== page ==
Qin pointed out by way of example of the effect of positive confidence how the Dow-Jones index increased sharply as soon as Trump took office, before any of his promised tax or regulation cuts were in place. The opposite effect could now be seen with China.

“Other analysts project a GDP decrease as much as 3 percent if other factors such as foreign investment are considered,” Qin said. “I basically agree with this analysis. With the deepening of the trade war, China’s structural foreign currency surplus will disappear.”

Qin believes China’s massive credit bubble could burst. “History has told us that the damage caused by financial problems could be much larger than sheer weak GDP growth.”

According to a Bloomberg report on July 31, “The U.S. and China are trying to restart talks aimed at averting a full-blown trade war between the world’s two largest economies, two people familiar with the effort said.”

Pedestrians are reflected in the window of a brokerage with a screen showing currency exchange rates in Hong Kong on July 6, 2018. The yuan has dropped in value, following the imposition of U.S. tariffs on Chinese goods. (VIVEK PRAKASH/AFP/Getty Images)
Pedestrians are reflected in the window of a brokerage with a screen showing currency exchange rates in Hong Kong on July 6, 2018. The yuan has dropped in value, following the imposition of U.S. tariffs on Chinese goods. (VIVEK PRAKASH/AFP/Getty Images)

Wen Zhao, a commentator for NTD, part of the Epoch Media Group, thinks that Chinese leader Xi Jinping made three major misjudgments during the trade war, which are misjudgments about Trump, the international environment, and China itself.

According to Wen, China might have thought that Trump is only a businessman without strong principles, and could easily be influenced by short-term interest, including his interest in his family businesses. The CCP therefore adopted a strategy of delay and ignored Trump’s warnings and dissatisfaction.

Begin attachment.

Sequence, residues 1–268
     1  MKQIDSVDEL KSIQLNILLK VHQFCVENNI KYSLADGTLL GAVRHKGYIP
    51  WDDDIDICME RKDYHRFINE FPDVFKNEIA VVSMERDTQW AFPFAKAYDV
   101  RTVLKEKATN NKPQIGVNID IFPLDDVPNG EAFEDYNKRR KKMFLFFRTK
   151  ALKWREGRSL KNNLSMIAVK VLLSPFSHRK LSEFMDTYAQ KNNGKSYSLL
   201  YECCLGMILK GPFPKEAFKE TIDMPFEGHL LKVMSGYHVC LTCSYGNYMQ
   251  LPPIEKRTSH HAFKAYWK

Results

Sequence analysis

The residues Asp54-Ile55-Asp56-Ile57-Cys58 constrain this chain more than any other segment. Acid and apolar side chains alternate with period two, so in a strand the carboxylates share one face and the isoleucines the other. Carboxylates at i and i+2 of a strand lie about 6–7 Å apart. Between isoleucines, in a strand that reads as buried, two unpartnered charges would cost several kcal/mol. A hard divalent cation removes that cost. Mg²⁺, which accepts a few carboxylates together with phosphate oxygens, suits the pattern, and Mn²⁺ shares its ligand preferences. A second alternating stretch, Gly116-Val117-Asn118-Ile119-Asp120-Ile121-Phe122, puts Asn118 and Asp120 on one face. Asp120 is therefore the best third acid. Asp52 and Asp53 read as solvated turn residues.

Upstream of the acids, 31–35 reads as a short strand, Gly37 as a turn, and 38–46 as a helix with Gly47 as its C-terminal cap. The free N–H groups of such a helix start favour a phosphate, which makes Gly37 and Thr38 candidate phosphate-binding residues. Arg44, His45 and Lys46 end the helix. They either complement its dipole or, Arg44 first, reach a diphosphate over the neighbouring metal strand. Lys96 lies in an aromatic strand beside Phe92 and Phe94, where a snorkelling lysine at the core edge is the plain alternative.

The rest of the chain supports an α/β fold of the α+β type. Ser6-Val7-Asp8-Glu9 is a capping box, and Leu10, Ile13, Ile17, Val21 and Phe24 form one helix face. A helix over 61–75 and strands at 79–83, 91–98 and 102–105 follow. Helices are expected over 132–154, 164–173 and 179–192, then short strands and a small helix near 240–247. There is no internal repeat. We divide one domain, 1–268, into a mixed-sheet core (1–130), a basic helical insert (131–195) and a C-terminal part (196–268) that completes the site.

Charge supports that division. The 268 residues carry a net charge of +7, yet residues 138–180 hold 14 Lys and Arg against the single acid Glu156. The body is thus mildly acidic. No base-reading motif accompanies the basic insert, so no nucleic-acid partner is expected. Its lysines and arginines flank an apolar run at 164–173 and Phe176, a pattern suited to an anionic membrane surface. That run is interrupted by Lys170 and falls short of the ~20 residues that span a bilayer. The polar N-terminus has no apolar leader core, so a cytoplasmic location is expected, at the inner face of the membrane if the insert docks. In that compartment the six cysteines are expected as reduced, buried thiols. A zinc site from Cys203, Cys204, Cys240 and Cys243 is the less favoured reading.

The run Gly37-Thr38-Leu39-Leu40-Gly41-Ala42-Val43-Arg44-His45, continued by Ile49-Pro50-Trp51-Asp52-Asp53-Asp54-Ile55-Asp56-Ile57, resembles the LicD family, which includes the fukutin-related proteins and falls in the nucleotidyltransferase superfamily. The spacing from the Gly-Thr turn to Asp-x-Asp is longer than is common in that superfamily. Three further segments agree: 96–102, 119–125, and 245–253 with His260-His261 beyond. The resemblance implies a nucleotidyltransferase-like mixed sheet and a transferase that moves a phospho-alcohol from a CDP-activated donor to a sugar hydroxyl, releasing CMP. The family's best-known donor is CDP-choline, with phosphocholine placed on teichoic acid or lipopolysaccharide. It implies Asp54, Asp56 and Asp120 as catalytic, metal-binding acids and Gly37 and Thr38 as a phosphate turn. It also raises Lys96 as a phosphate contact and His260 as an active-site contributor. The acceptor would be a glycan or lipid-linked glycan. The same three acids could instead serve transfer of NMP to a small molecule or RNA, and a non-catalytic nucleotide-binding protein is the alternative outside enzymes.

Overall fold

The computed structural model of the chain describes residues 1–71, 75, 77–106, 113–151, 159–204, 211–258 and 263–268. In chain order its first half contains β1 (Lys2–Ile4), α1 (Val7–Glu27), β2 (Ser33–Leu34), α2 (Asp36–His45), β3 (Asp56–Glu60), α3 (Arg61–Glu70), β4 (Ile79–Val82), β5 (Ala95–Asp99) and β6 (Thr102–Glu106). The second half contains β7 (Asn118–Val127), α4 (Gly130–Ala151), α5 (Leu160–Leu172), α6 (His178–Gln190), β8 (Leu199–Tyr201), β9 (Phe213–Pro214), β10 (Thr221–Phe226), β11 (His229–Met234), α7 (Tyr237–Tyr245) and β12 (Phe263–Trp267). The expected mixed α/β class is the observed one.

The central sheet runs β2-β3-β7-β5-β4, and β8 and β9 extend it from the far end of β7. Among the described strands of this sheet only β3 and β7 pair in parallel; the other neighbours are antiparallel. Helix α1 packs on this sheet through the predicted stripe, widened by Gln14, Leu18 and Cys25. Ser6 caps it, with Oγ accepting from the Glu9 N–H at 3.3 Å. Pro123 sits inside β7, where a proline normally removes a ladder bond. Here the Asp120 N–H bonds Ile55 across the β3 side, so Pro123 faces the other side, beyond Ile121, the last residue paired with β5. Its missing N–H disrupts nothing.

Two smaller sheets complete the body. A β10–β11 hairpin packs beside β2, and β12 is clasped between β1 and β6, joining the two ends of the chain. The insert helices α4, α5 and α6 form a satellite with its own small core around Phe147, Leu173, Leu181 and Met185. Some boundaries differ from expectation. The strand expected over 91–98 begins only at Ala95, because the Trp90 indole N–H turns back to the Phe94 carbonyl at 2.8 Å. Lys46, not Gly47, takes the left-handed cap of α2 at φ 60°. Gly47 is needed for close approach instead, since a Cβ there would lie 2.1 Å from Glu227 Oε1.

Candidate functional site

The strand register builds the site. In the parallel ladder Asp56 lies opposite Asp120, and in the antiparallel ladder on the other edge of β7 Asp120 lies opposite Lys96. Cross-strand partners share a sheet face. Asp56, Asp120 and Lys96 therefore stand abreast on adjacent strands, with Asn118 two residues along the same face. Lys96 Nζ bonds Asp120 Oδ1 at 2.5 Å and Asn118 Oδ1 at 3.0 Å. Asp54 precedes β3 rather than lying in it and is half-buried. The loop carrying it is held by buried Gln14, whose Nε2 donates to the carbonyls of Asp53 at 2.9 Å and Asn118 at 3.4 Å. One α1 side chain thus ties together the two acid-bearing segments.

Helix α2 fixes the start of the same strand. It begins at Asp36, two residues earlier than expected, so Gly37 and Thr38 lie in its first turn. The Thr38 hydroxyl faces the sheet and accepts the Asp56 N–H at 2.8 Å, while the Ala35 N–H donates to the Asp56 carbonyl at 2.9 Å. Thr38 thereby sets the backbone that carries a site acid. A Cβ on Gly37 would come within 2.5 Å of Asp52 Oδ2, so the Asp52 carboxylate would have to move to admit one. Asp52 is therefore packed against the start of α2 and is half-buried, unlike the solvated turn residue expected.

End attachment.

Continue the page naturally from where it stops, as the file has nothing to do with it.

The misjudgment about the international environment lies in the fact that China thought it could form a “united front” with Europe to fight against the United States by giving out some trade and investment deals. However, this was a serious misjudgment, as China seems to have forgotten what it has done within the EU in terms of trying to create factions with its “One Belt, One Road” initiative.

It asked for political endorsements from countries such as Greece and the Czech Republic, as an exchange for investment. All these doings wouldn’t go unnoticed by the European leaders. How would they be willing to trust Beijing?

What is more important is the misjudgment about China itself, as well as its ability to influence the international world. The recent propaganda campaigns such as CCTV’s “Amazing China” series, the “Made in China 2025” plan, the “One Belt, One Road” initiative, which Wen said involves China “throwing away” huge amounts of money, the military expansion, and so on have caused the world to begin to be on guard against the Communist regime.

In conclusion, Wen said “if you know neither yourself nor your opponent, then you will lose the war.”